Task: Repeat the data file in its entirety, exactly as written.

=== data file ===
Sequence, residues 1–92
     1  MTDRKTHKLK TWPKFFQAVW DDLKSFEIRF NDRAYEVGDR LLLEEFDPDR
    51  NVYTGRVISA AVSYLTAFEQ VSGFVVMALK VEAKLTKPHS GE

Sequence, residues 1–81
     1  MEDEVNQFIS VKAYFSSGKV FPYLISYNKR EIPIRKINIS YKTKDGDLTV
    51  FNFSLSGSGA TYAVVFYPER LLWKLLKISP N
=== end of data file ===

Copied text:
Sequence, residues 1–92
     1  MTDRKTHKLK TWPKFFQAVW DDLKSFEIRF NDRAYEVGDR LLLEEFDPDR
    51  NVYTGRVISA AVSYLTAFEQ VSGFVVMALK VEAKLTKPHS GE

Sequence, residues 1–81
     1  MEDEVNQFIS VKAYFSSGKV FPYLISYNKR EIPIRKINIS YKTKDGDLTV
    51  FNFSLSGSGA TYAVVFYPER LLWKLLKISP N